In mercy and love, God gave His Son. “Just as Moses lifted up the serpent in the wilderness, so must the Son of Man be lifted up, that whoever believes in Him may have eternal life. In His death on the cross, Jesus is the bronzed serpent on the pole, the Antidote, the Cure, the Medicine of Immortality. To look on Him is to believe in Him, that is, to trust Him. Taking any medicine is an act of trust. We trust our doctor when he or she ways, “Take this three times a day.” You look at the data sheet that comes with the drug. If you’re like me, and you know a thing or two about chemistry, you cringe at the molecular structure of this drug and wonder what it will do to you. I heard one doctor describe drugs as poisons with some potentially beneficial side-effects. And what about that list of side-effects ranging from bad dreams to depression and death. And yet the good physician said, “Take this three times a day,” and so we do in trust.

God have His Son, lifted up on a cross, marred and disfigured almost beyond recognition. And He says, “Look on my Beloved Son in faith and you will live.” Look on Him, and don’t avert your eyes. He is your Sin and He is your Salvation. The Cure looks terribly much like the disease. That’s why the cross is so hideous, so painful to look at, so macabre. Why would anyone want to look at this? We’d rather look at flowers and sunsets and kittens and puppies. We’d rather seek the signs and tokens of God’s love somewhere else, something more uplifting than being lifted up on a cross. But this is how God loves the world, and He loves the world in no other way than to give His beloved Son into death for the life of the world. This is the Father’s agape. This is God’s love for the sinner enfleshed. And this is all there is to look at. Every other image is idolatrous. No other image can save you save this One. Jesus is the image and icon of God come to down to us. He is the love of God incarnate, in human flesh, dwelling among us. He is God’s love for the world, and God loves the world in Him.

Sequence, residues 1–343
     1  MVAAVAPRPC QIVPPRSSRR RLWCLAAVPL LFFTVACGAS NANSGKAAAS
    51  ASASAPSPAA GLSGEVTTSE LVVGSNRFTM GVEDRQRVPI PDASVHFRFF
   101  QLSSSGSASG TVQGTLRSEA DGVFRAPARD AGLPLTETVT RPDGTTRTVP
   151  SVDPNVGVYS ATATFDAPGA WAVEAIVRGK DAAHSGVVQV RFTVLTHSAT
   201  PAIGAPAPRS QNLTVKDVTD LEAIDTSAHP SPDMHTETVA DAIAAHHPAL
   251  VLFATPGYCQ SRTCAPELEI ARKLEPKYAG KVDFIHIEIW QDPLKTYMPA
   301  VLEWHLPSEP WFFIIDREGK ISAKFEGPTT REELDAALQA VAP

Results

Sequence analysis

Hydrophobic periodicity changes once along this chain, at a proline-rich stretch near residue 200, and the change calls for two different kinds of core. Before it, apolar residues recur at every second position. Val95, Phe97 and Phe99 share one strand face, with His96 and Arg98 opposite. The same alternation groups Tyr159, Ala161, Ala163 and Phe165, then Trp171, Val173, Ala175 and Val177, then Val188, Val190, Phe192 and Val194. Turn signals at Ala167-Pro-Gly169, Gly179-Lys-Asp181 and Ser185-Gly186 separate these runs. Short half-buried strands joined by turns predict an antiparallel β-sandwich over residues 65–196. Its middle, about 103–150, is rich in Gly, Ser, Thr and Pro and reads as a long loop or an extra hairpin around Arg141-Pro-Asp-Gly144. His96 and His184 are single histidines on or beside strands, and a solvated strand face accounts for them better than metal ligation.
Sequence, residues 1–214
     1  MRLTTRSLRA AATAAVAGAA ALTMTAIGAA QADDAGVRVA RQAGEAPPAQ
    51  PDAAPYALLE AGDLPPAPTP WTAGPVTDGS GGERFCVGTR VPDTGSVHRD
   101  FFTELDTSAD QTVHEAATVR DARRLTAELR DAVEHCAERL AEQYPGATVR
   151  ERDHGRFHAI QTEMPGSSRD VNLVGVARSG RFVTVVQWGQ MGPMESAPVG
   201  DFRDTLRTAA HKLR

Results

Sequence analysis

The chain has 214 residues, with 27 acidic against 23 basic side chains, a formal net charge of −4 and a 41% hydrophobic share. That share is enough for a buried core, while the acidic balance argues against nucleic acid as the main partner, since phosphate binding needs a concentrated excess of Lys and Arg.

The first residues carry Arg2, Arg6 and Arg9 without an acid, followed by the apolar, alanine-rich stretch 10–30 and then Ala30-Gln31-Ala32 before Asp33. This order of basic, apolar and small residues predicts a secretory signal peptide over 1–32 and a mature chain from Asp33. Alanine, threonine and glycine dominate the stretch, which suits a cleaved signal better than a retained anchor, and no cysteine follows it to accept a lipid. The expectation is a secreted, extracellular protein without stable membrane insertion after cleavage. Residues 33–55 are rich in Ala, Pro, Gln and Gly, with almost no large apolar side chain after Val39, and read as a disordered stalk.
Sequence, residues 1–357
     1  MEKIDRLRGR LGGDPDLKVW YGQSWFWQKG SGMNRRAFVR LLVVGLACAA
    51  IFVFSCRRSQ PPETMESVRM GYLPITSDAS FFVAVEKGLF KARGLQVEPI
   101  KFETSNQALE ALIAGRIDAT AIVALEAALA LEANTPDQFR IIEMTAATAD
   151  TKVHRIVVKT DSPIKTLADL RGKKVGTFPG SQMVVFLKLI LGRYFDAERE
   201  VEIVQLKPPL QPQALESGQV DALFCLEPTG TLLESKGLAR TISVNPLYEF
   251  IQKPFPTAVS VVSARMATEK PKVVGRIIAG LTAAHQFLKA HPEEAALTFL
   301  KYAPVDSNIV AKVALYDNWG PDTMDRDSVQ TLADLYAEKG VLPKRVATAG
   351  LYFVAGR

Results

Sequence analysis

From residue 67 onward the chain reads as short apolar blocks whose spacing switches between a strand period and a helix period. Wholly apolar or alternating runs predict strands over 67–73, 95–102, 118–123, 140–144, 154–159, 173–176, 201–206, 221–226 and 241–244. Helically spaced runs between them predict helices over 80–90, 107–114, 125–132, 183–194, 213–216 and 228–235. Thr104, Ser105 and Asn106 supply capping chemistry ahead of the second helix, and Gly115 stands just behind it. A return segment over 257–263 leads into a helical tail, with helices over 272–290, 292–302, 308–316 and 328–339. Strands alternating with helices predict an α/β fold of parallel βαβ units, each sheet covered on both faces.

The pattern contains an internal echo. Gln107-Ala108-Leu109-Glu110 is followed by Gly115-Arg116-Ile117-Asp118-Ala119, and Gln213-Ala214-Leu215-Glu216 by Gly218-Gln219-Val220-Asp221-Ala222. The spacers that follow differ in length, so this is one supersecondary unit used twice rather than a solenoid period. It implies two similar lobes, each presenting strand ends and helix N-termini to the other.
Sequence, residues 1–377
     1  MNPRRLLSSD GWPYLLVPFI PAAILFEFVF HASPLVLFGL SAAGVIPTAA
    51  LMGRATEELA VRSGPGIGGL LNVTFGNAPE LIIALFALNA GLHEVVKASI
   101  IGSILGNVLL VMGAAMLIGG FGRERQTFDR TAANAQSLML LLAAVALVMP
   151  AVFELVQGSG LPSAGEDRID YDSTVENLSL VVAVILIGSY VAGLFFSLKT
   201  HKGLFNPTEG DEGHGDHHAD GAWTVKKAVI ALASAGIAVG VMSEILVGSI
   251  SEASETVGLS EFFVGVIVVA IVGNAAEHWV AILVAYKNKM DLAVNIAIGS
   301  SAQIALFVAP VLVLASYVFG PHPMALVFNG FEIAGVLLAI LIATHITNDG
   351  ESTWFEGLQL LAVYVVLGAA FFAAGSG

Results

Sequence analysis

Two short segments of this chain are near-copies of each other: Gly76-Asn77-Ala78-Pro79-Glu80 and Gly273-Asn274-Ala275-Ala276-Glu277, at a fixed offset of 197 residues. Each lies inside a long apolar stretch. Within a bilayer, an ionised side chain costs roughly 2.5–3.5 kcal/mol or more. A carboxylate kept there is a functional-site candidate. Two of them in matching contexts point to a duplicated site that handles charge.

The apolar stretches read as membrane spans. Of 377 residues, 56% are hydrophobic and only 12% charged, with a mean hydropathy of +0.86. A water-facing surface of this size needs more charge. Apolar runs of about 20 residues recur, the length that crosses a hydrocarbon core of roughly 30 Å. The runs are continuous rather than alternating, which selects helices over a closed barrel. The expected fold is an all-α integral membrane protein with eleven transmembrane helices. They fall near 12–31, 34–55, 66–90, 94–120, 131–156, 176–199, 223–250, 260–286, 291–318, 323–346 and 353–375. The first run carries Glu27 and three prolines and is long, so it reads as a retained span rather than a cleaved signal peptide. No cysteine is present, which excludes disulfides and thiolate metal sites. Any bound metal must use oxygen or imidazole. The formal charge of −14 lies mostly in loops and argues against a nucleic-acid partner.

This agape of God, God’s love is an inclusive world. It is for the world. Not simply the respectable, religious, lovable parts of the world but the world in toto. It is a cosmic love that loves the cosmos to death and in so doing saves it. Does that mean that everyone is saved? Well, it depends how you look at it. From the point of view of God’s agape, the answer is “yes.” God loved the world. God have His beloved Son to the world. God sent His Son into the world not to condemn the world but to save the world. You can’t any more inclusive than that. And you can’t divide up the world into the saved and unsaved parts. As far as God is concerned, the world is saved and loved in His beloved Son.

But it is only and exclusively in His beloved Son. There is salvation in no other. There is life in no other. There is no other revelation of God’s love for the world. No other sign, sacrament, token of God’s love but the one act of self-sacrifice: The Father sending and giving His Son into the world, knowing that men love darkness rather than light, knowing that this Love Incarnate would be rejected, knowing that He would be lifted up in the darkness and evil of this world, knowing that this is the only way to save this snake-bitten world.

“Every one who practices evil hates the light, and does not come to the light, lest his deeds be exposed.” We come kicking and screaming. We need to understand that or we won’t understand what’s going on with us spiritually speaking. Our old Adam, our snake-bitten sinful nature hates the light, hates the truth, hates the law, and yes, hates the Gospel and Christ. It’s the new man in Christ who delights in the Law, who rejoices in the Gospel, who “does the truth” and comes to the light in order that it may be seen that his works have been wrought in God and not in himself.